• Penal interest is an additional interest on the overdue loan instalment, which requires to be given similar treatment as that of the principal interest, and therefore, would be exempt from GST under the mentioned notification.
  • The amount of overdue loan installment is virtually a new loan transaction, the consideration for which is the 'penal interest' charged thereon, and hence should be exempt from GST.
  • There is no obligation on the applicant to tolerate the act of delay in payment of loan installment by the customer/borrower, and accordingly, penal interest cannot be construed as 'consideration' towards 'deemed supply' envisaged under clause (e), Entry 5 of Schedule II to CGST Act.
The AAR answering the question in the negative, observed as follows:
  • Penal charges' have been defined in the loan agreements as 'overdue charges' for non-payment of instalment on due dates.
  • This demonstrates that applicant is treating such charges as 'penalty,' which is "collected by them from their customers for the reason that the said customers have delayed the payment of EMI and the applicant has tolerated the said act of their customers of delaying payment of such EMI."
  • The assumption of the applicant that the defaulted EMI is nothing but a new loan amount is fallacious, since the rate of interest on the loan advanced and the rate at which penal charges are collected are different.
  • The exemption for financial transactions under GST laws is only in respect of the interest/discount earned or paid for loans, deposits or advances. If the transaction deviates from the above or fails the test of being a "loan", "deposit" or "advance" or the consideration is not an interest or discount, the exemption is not admissible. In the present case, the penal charges cannot be said to form part of the interest on "loan", "deposit" or "advance."
Given the trend of advance rulings generally favoring the revenue, this decision may not be seen as an unexpected one. However, under the GST law, interest or late fee or delayed payment charges has to be specifically included in the value of supply. In view of this, an argument can be made that such penal interest should also take the color of interest and should be treated as an exempt supply. Further, even under the erstwhile service tax law, the taxability of penal interest has been a contentious issue, and it is expected that it would continue to remain so under the GST regime.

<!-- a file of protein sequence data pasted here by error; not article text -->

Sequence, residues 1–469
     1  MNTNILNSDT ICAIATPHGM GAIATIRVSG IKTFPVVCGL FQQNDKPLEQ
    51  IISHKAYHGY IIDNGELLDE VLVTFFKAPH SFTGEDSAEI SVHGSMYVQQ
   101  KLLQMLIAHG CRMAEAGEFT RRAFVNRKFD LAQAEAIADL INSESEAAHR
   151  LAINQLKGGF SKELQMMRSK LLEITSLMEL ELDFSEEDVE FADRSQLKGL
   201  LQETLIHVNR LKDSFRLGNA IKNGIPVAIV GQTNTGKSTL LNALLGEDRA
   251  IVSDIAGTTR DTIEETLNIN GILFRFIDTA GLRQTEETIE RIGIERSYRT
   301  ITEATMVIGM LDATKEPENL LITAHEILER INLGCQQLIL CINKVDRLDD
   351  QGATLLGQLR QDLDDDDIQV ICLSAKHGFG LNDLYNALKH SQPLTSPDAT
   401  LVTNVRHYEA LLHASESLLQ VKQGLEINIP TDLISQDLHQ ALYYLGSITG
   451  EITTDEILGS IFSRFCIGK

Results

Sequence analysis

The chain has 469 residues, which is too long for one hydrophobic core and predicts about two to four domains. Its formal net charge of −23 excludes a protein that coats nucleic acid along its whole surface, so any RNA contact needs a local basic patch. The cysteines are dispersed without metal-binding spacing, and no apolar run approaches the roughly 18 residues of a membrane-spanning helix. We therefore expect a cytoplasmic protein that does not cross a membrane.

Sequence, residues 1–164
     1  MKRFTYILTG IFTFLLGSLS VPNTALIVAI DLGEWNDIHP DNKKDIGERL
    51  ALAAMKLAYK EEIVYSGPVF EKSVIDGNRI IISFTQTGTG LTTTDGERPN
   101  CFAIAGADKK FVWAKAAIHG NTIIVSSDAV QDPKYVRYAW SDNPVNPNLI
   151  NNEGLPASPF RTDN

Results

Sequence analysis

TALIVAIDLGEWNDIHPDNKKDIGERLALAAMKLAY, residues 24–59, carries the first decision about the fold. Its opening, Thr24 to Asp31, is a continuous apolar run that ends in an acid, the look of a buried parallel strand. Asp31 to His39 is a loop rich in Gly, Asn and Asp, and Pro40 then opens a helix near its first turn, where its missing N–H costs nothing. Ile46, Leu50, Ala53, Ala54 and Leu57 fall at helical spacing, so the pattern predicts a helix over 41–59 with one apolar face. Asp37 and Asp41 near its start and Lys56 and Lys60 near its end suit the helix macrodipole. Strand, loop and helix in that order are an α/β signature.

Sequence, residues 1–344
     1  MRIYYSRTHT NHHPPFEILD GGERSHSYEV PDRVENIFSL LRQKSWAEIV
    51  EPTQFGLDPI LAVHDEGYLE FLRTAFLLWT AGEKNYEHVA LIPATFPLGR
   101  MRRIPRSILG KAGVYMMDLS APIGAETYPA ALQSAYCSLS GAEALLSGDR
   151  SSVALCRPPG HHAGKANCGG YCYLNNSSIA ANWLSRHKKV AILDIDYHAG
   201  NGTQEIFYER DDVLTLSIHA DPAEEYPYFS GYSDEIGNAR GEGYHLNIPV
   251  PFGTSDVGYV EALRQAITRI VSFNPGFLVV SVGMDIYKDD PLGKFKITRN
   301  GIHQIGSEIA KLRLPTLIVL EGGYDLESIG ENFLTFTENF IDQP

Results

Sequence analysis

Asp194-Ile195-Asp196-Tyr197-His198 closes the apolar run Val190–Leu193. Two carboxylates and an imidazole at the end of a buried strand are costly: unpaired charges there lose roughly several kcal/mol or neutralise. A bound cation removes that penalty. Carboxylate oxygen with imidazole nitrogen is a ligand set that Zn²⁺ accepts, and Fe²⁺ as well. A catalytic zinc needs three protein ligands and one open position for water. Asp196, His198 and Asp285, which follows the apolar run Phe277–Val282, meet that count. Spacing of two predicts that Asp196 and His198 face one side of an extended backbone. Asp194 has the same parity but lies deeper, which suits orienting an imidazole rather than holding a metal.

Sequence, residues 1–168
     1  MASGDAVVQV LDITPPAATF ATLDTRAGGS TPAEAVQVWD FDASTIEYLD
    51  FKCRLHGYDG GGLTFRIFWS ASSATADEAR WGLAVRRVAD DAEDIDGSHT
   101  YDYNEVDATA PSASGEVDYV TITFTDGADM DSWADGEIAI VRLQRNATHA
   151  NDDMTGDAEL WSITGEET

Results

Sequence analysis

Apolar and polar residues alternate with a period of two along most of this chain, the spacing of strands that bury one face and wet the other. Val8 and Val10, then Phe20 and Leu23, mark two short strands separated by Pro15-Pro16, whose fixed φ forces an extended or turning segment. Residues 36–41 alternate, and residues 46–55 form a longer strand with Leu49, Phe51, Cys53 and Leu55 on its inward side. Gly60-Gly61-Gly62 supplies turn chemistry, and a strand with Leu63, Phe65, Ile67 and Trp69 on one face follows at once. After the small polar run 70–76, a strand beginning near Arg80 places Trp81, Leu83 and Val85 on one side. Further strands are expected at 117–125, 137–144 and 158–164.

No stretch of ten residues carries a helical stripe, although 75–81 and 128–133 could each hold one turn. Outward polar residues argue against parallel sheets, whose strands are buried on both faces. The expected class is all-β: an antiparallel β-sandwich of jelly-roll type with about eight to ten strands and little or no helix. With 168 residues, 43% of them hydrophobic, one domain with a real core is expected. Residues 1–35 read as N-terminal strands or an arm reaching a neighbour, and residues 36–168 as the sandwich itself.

The potential of ascribing a wide meaning to the term 'tolerance of an act' may result in authorities seeking to tax penal charges/interest, late fees etc. It is important for businesses, especially finance companies, to revisit any GST exposure on recovery of similar charges.

It should be noted that an Advance Ruling is binding only on the applicant who had sought it and the concerned jurisdictional authority, i.e., an Advance Ruling is specific to an applicant and shall not be applicable to other taxpayers facing similar issues. However, the above-mentioned Advance Rulings provide clarity about the issues being faced and have a persuasive value in matters before the tax authorities.

Compliance Chart for Upcoming GST Due Dates

Form Applicable to Period Due Date
GSTR–1 Registered taxpayers with annual aggregate turnover of more than INR 15 million November 2018 11 December 2018
GSTR–3B All registered taxpayers November 2018 20 December 2018
GSTR–5 Non-resident taxable persons November 2018 20 December 2018
GSTR–5A Persons providing Online Information and Database Access or Retrieval (OIDAR) services November 2018 20 December 2018
GSTR–6 (monthly) Input Service Distributors November 2018 13 December 20
GSTR–8 TCS Collector November 2018 10 December 2018
GSTR–10 Final return for persons whose registrations have been cancelled by the proper officer on or before 30 September 2018 - 31 December 2018
GST ITC–04 Taxpayers dispatching goods to a job-worker July 2018 to September 2018 31 December 2018

Extended due dates for newly migrated taxpayers

Form Applicable to Period Due Date
GSTR–1 Registered taxpayers with annual aggregate turnover of more than INR 15 million – Quarterly July 2017 - November 2018 31 December 2018
Registered taxpayers with annual aggregate turnover of more than INR 15 million – Monthly
GSTR–3B All registered taxpayers 31 December 2018 July 2017 - November 2018


GST from a Macro Perspective

Revenue collections

The government's GST collections in the month of November 2018 stood at INR 0.97 trillion. The collections had crossed the government's monthly target of INR 1 trillion in the month of October 2018, but have dropped once again in the month of November 2018.

GST in the news

  • The 31st GST Council meeting has been scheduled for 22 December 2018 in New Delhi. The Council is expected to decide on rate cuts on certain electronic items currently falling under the 28% tax bracket is expected.
  • The government's GST collections for the financial year 2018-19 are expected to fall short of its target by around INR 0.9 trillion.
  • The simplified returns format approved by the GST Council are expected to be rolled out in April 2019.
  • Faced with departmental notices for recovery of GST on 'free services' such as issuance of cheque books, additional credit cards, ATM usage etc., banks are considering passing on the cost of GST on such 'free services' to their customers.

The content of this article is intended to provide a general guide to the subject matter. Specialist advice should be sought about your specific circumstances.